wwatson@wrfire.org

  7. #7
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    While we don't use it ourselves I have worked at places that do
    Attached Images Attached Images

  8. #8
    MembersZone Subscriber krg1401's Avatar
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    Default Nfpa 1911

    I thought 1911 was just for the annual pump test? Aerialguy1 help me ouy here if you could.

  9. #9
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    Default Inspection Solution

    Quote Originally Posted by aerialguy1
    I've got some FD examplse too and would also appreciate receiving whatever anyone else has to see the best and most thorough (without writing a book) for the driver to do a daily check list on his/her apparatus to ensure its safe and functioning properly and not saying "the black dog did it"...

    Also there is going to be a new NFPA 1911 Standard for Inservice Maintenance and Inspection of Apparatus which will help the fire service because it seems that it's all over the board from a real good check list to nothing at all and in this day and age of legal liability it would be a good thing to have documentation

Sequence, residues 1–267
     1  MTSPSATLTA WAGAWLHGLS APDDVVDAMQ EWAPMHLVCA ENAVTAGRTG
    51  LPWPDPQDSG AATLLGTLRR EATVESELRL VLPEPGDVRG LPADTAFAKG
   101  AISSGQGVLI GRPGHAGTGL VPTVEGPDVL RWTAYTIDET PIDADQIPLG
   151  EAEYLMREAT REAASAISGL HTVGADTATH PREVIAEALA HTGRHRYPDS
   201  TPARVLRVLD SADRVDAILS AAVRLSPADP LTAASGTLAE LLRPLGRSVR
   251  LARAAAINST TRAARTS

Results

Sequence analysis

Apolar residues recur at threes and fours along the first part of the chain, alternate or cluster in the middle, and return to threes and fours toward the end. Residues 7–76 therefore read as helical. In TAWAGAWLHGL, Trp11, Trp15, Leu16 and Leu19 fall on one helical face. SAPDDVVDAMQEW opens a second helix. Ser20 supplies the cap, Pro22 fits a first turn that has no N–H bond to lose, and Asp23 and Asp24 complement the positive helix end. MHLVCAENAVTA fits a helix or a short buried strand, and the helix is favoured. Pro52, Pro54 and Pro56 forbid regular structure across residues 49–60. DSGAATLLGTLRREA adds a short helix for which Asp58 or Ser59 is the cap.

aerialguy1@hotmail.com

    Thanks
    We use a handheld PDA that uses a program called AssetTrax. It has to have the operator sign in and then we have tag's on the appratus to verify that the operator scanned them in a working or not working on the appratus.
    It has made our people accountable for their actions and it's in black and white.

  10. #10
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    Default New NFPA 1911 2007 Standard

    There is going to be a new 1911 Standard called:

    NFPA 1911
    Standard for the Inspection, Maintenance, Testing and Retirement of In-Service Automotive Fire Apparatus.
    2007 Edition

    I think this is going to be a great Standard as it's going to cover all aspects of apparatus maintenance and refurbishing and replacement suggestions.

  11. #11
    Forum Member Dave1983's Avatar
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    Default

    Quote Originally Posted by devondual